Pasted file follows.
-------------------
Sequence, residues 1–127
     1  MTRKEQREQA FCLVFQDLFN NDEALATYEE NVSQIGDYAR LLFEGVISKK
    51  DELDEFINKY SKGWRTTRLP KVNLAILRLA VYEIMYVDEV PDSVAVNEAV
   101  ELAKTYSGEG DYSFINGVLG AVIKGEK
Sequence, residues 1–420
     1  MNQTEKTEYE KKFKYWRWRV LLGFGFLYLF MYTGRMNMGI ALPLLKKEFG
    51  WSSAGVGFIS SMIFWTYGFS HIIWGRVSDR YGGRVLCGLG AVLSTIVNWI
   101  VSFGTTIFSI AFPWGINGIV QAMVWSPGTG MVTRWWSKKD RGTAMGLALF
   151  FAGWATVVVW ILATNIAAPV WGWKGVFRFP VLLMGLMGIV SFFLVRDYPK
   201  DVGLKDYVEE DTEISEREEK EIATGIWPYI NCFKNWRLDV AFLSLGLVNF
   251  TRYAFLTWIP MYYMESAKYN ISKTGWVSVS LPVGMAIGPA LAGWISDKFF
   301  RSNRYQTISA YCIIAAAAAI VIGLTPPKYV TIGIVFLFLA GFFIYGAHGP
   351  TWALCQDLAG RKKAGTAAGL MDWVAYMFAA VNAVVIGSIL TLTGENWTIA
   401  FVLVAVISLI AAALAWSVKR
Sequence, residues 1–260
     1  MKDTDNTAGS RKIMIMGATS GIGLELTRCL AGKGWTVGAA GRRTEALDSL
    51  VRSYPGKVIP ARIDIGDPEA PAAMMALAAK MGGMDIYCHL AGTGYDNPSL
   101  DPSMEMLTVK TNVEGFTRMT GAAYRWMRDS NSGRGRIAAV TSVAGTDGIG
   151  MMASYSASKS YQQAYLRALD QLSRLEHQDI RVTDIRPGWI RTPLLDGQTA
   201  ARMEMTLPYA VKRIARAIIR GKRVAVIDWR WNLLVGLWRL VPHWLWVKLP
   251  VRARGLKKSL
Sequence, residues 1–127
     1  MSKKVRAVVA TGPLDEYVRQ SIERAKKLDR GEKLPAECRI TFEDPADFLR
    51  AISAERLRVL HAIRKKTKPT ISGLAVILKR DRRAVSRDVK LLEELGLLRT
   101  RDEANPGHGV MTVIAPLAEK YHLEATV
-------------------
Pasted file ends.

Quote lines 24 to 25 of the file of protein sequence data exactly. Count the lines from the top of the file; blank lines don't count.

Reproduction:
    51  AISAERLRVL HAIRKKTKPT ISGLAVILKR DRRAVSRDVK LLEELGLLRT
   101  RDEANPGHGV MTVIAPLAEK YHLEATV